• Who were they to you? a neighbor, a family member, a teacher etc.
  • What they looked like (detailed description)? 
  • What were the things they did that scared you?

To provide some context as to what I am after here is a synopsis of my Mum's bogeyman, Mr.Plimsoll:

Mr. Plimsoll was an elderly old man who lived down the road from my mum's house as a child. He had a bald head, a hunched back and carried a canvas bag in one hand and a walking stick in the other. In summer he would wear a peaked cap, a stained white vest top, white shorts that went to his knees, brown calf length socks and a white pair of his namesake plimsolls.
My Mother and her Brothers would play "Knock Down Ginger" on the door of his bungalow, that had an overgrown garden. The house couldn't be seen from the outside because of a big bush that so thick that it engulfed the bungalow in its foliage.
He would leave the house early at 6:30, walking up and down the street at a ridiculously fast pace for a man his age. As he did so he would chuck his stick in the air yelling as he went. My mum suffered from nightmares about him, having dreams of him staring in at her through the window. He scared her so much that she spent the entire summer holidays one year indoors.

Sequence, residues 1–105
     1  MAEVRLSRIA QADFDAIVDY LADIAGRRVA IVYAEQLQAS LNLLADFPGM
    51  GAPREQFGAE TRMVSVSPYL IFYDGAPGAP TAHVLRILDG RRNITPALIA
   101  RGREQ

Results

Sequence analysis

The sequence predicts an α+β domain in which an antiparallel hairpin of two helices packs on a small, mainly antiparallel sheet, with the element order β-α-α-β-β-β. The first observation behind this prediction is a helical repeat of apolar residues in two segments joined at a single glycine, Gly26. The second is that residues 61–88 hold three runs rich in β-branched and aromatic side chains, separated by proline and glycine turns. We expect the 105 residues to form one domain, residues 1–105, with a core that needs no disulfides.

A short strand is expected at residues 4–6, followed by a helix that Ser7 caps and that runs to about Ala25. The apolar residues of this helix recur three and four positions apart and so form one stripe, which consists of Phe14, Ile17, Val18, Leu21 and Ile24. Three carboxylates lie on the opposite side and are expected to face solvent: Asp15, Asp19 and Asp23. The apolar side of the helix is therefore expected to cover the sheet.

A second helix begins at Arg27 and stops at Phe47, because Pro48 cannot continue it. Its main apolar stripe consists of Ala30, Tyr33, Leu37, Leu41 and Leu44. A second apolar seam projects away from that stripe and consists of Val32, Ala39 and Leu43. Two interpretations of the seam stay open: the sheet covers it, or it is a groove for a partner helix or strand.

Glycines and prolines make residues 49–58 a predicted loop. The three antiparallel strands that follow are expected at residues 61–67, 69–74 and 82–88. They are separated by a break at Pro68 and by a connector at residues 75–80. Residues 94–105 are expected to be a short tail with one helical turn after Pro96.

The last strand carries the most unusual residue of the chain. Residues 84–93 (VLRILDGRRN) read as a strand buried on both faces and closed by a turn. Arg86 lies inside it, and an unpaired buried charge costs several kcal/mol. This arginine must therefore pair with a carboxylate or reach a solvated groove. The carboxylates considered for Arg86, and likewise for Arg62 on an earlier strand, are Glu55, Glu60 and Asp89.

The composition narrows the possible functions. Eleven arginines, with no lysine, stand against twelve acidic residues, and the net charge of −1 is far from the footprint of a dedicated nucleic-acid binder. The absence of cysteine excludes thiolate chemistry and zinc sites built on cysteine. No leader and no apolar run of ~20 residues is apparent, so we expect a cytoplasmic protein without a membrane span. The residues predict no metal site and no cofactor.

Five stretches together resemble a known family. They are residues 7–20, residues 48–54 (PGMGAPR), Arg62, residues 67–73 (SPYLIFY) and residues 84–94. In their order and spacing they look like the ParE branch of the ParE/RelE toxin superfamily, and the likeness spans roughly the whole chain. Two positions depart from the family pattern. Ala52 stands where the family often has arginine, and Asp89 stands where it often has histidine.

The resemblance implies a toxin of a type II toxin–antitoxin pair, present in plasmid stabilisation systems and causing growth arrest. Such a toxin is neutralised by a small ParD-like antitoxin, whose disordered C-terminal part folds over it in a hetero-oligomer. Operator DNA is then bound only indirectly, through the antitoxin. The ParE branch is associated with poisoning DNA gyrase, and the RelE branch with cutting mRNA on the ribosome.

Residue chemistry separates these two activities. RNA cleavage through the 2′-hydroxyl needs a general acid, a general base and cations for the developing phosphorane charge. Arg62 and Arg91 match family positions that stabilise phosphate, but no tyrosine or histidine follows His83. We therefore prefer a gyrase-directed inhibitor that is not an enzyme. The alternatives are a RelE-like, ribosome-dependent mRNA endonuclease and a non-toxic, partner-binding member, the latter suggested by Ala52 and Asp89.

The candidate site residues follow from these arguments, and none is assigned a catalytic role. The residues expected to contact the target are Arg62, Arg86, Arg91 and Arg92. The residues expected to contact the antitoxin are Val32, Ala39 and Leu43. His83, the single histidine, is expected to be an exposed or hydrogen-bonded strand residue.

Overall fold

If you are able to provide you own childhood bogeymen please comment on this post with your stories, providing answers to the questions above. It would be a big help for me in gathering research onto this topic and with the creative process as well.

Thursday, 5 October 2017

Minor/Major Project: Influence Maps



Fig 1: Examples include: Fleischer Studios Betty Boop, Popeye and Bimbo, Disney Studios Mick Mouse and the Silly Symphonies
As well as these Kingdom Hearts 2's "Timeless River" and Cuphead is also featured as modern examples

Fig 2: The Artists featured includes: Edward Gorey, Tim Burton, Kenshi Yonezu, Mikolaj Cielniak, Henry Patrick Raleigh, Shan Jiang